The news was as sad as a funeral notice and as sudden as a heart attack. Racers throughout the Southwest took a hit to the heart with the announcement that Manzanita Speedway would close.

If that wasn’t enough, there was precious little time to say goodbye. Just one month after the sale was announced, the track was to hold its last race.

In less time than it takes to foreclose on a bad mortgage or repo a car, a half-century of racing in the Arizona desert would come to a stop and the historic half-mile oval would be scoured from the desert landscape like a dune in a windstorm.

Racers were both anguished and angry. The loss of a racetrack always leaves a hollow feeling of something missing, like an empty spot at a dinner table after a family member dies. Suddenly, Friday or Saturday nights were empty spots on a calendar that were supposed to be filled.

For many racers, it was more than lost weekends. The track’s closure interrupted a way of life.

“I’m 61 years old and I’ve been going to that track since I was four,” said Jimmy Blanton, owner of Arizona Race Mart, who drove his first race car on the half-mile oval two weeks after graduating from high school.

The last race, he said, would be more of a wake than a funeral.

“There are hundreds of people who feel like I do,” said Blanton. The loss of the race track “is more than losing a friend,” he added. “It’s like a death in the family.”

But the anguish over the news soon turned to anger. Racers felt betrayed by the secrecy and the suddenness of the deal. Their fate was not in their hands.

Helpless to influence or stop the sale, they had no more control over their future than a race car hurtling toward a wall with no steering.

After giving every indication that the track would run an entire 2009 season, the press release announcing that the track would close in 30 days felt like an eviction notice.

To rectify the perceived injustice, there were petitions circulated to remove the track’s owner from his spot in the Arizona Sports Hall of Fame. Some, predictably, would have been just as happy to crucify him at the intersection of 35th and Broadway.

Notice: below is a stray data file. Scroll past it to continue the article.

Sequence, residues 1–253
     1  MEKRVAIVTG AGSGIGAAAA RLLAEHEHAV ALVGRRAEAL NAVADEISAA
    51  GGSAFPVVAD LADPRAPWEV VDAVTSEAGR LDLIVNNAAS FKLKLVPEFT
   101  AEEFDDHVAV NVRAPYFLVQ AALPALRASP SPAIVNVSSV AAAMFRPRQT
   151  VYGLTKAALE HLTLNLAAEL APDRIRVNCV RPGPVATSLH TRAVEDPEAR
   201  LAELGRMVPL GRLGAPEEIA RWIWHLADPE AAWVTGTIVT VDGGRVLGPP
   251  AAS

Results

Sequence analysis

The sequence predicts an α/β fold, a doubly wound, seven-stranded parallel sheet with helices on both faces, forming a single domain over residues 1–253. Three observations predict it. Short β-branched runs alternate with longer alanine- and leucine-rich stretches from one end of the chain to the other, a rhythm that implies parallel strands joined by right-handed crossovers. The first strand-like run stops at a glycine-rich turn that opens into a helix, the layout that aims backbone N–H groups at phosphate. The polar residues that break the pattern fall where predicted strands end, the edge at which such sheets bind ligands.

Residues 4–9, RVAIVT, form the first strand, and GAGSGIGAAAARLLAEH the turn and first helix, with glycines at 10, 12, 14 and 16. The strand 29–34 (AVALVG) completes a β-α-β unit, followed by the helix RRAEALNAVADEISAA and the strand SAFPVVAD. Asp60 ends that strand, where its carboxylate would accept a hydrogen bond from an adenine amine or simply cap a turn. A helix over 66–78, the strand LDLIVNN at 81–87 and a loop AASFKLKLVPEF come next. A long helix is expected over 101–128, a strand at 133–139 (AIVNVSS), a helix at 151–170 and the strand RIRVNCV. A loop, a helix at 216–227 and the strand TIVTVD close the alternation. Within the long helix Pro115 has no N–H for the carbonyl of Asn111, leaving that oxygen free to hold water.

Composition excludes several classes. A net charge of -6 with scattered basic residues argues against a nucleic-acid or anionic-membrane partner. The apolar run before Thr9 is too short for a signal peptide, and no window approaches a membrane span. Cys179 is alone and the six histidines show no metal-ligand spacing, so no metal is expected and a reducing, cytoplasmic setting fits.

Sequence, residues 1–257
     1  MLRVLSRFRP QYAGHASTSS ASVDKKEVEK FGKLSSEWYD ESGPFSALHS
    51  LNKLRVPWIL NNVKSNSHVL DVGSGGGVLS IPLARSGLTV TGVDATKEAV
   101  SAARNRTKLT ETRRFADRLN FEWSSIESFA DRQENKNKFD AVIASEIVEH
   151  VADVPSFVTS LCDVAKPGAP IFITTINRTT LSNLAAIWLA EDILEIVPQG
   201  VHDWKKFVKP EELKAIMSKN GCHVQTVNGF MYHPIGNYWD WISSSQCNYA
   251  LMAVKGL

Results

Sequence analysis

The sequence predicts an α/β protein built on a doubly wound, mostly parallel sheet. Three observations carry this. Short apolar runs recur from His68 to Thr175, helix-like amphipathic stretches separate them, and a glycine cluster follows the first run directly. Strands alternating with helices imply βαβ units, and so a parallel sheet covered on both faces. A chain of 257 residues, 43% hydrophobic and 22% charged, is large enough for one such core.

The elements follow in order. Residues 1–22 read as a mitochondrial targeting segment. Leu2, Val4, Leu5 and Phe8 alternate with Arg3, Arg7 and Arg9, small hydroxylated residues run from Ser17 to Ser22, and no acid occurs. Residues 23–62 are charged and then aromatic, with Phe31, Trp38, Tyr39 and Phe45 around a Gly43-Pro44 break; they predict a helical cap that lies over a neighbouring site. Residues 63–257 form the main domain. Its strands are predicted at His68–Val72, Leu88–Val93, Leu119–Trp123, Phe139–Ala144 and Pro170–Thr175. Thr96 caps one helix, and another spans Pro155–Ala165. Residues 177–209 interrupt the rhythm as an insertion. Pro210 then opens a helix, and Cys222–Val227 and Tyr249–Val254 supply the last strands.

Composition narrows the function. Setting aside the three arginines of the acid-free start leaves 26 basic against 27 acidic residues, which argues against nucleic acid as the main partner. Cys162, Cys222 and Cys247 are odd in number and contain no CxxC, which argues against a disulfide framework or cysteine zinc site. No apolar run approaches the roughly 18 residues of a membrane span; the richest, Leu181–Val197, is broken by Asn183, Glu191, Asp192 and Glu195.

But passions were just as deep, if not obvious, on the other side. Owner Mel Martin faced conflicting choices of his own. He helped build Manzy, yet was responsible now for tearing it down.

As a former car owner and promoter, he has an interest in racing. As a businessman with strong ties to South Phoenix, he has concern for the community.

His strongest feelings, however, are for his family. Strong and ongoing disagreements between Martin and his son, who ran the track, triggered the sale, making the entire episode look like a soap opera.

But the sale of Manzanita Speedway is real life, not reality TV. Ultimately, it was family ties and money – big money – that waved the final checkered flag on one of the most prestigious dirt tracks in America.

Those factors were pushed along by the expense of operating a racetrack in a big city media market and the pressures of operating in a rapidly encroaching urban area, underscoring the fact that what really happened to Manzanita could be repeated at short tracks in most parts of the country, any time.

The 2009 season began at Manzanita Speedway like the 50 that had come before it. A schedule was published that included 62 nights of racing just about any type of vehicle that had four wheels and an engine.

Modifieds, stock cars and bombers were mixed in with open-wheel shows for midgets and mini-sprints and the non-wing sprint cars of the non-wing American Sprint Car Series Southwest Region.

Upgrades over the winter were more than just a slap-dash coat of new paint. The Martins, who took control of the racetrack in August of 2007, invested over $1 million in refurbishing a facility that had been severely neglected in recent years.

“Nobody had spent any money on it in a long time,” said Mel Martin, noting that the track had been the subject of ongoing litigation between two previous owners (the Kimbro family and Keith Hall) before he and his son took it over. “No one would want to spent money on a facility like this in the middle of a lawsuit,” he noted.

With the intent of running the track for many years, the Martins invested in new aluminum grandstands, higher walls and new concession stands. Tons of gravel were brought into the parking lot to mitigate complaints about dust.

The overhaul also included the front office. In December, 2008 the Martins hired a new general manager to improve track operations and increase business.

Hollywood Leary, owner of several auto body shops who had hung around racers for many years, knew changes had to be made to attract more fans.

“I went to the Western World (in the fall of ‘08) as a fan, knowing that I might have something to do with the track beginning in the off-season,” he recalled. “The ticket taker was wearing headphones and texting someone with their left hand while they took tickets with the right hand.”

After he was hired, “I got the staff together and said that kind of behavior wasn’t going to fly,” he said.

The staff was admonished to “put smiles on people’s faces” to make it more fan-friendly.

Leary described his biggest job as “putting butts in seats.” Manzanita, he said, “needed someone to talk about what goes on here and get people to come.”

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